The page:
Reaching 95 Percent Decarbonization
If one assumes that the region’s electricity system will need to reach a deeper level of decarbonization that is 95 percent below 2005 levels by 2050, the analysis suggests that again the optimal makeup of the system depends on natural gas prices and the cost of renewables.
In a more tightly carbon-constrained world:
The Role of Natural Gas
To get to 95 percent decarbonization there is an even steeper drop off in natural gas use after 2040, again raising the question about natural gas path dependency and raising the cost of reductions when that gas can no longer be utilized. Natural gas with carbon capture and storage is a bigger part of the mix in later years.
How Carbon Capture and Storage Impacts Modeling Results
Carbon capture and storage (CCS) plays a sizeable role. In the near-term, between ten and 14 GW of existing coal capacity is retrofitted with capture to take advantage of the federal tax credits for CO2 storage, making up between 10 and 13 percent of the total generation mix in 2030. This retrofitted capacity is not used once the tax credits expire. Natural gas with CCS becomes a significant part of the mix in the latter part of the modeled time horizon in all of the 95 percent scenarios, especially when gas prices are lower.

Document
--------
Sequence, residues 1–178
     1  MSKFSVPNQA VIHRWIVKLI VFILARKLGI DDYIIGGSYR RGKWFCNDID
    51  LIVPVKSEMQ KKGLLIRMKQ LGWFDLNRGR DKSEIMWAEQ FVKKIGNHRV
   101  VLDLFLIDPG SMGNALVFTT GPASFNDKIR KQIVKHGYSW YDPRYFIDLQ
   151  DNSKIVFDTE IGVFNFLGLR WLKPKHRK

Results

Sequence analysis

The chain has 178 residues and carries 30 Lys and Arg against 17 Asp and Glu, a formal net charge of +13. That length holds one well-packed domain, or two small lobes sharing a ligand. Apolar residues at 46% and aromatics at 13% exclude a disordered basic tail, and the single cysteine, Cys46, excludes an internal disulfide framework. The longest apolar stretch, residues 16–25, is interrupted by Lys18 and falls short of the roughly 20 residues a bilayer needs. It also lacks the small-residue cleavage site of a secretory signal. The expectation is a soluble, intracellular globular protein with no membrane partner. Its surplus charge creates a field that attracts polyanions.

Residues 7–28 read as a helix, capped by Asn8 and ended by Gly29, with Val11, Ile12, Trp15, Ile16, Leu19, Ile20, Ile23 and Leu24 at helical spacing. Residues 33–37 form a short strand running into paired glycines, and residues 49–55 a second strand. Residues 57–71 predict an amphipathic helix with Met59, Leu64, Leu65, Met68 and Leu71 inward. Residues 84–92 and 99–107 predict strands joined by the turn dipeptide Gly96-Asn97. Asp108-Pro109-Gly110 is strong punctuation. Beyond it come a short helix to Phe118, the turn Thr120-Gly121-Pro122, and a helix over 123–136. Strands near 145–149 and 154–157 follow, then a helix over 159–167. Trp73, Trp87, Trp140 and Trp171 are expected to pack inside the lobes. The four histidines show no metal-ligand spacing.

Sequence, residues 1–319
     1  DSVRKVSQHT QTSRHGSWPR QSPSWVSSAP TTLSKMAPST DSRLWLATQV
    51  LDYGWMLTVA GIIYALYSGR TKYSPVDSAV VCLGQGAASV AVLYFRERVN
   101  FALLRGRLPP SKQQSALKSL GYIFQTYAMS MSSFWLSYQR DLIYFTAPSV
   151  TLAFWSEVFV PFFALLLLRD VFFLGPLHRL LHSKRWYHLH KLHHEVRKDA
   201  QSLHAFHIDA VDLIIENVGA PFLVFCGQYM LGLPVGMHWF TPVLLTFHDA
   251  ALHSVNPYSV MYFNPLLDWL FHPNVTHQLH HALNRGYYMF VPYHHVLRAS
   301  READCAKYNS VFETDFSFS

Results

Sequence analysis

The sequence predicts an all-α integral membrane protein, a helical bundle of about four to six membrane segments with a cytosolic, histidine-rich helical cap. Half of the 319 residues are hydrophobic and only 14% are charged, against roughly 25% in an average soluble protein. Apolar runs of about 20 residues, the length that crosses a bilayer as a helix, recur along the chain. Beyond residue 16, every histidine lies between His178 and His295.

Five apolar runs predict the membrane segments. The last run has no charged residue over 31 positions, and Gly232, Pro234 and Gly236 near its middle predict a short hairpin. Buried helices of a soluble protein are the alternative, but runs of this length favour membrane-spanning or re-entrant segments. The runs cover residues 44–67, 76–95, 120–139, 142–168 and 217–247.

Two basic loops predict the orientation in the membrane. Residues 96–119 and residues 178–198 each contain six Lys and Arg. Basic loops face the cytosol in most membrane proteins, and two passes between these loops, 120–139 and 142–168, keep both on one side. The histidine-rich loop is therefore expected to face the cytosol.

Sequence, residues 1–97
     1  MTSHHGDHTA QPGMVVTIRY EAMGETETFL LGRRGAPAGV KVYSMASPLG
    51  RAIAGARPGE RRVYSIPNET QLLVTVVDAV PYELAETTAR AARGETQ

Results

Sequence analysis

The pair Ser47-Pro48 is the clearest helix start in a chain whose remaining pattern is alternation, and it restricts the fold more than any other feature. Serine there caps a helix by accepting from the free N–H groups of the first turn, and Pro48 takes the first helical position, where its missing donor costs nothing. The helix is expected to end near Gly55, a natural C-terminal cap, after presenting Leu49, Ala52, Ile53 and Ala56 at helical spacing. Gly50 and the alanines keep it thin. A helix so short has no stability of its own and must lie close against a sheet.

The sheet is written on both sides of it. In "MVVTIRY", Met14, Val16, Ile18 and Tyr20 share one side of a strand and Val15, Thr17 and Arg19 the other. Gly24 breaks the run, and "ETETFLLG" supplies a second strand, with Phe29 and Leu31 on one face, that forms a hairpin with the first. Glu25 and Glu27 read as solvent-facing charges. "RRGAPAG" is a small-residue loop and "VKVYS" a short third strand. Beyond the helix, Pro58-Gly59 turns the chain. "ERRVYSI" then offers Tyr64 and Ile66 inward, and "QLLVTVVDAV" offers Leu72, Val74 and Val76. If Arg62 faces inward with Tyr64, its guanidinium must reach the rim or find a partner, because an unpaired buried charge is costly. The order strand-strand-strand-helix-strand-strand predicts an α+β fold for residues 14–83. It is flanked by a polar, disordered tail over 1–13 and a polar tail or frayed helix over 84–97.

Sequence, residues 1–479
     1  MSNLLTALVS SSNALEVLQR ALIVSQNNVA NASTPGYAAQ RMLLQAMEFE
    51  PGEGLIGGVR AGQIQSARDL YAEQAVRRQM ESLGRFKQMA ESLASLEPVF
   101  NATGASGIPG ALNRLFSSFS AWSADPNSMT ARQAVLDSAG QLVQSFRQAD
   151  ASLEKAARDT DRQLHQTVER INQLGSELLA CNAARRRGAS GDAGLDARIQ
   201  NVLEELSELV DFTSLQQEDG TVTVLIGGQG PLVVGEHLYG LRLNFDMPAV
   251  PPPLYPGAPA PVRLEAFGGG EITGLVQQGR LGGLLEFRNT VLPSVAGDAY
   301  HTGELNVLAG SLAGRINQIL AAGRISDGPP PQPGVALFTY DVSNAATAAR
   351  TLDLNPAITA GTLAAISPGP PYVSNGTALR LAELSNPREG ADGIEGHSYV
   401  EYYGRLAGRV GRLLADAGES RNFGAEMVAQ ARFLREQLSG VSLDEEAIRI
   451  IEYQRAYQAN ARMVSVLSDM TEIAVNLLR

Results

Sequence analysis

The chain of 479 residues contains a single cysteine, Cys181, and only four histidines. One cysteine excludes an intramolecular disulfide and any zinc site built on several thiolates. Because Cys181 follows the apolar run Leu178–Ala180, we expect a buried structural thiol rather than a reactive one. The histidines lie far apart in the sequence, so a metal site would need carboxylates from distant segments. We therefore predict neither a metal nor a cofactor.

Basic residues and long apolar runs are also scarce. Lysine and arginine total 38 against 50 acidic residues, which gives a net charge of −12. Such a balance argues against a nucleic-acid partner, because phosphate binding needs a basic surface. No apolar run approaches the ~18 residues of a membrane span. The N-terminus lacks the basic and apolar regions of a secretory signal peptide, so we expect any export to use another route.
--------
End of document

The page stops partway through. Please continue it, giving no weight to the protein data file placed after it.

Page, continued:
The Role of Renewables
Wind and solar become dominant in the cases where gas prices are moderate and play a large role even in a low gas price future. To reach decarbonization of 95 percent, wind capacity more than triples compared to the business as usual model, reaching levels in excess of 130 GW of capacity by 2050, when wind and solar combined are between 45 and 64 percent of the generation mix.
Below you can access more modeling analysis through an interactive feature provided by the Midcontinent Power Sector Collaborative’s FACETS modeler.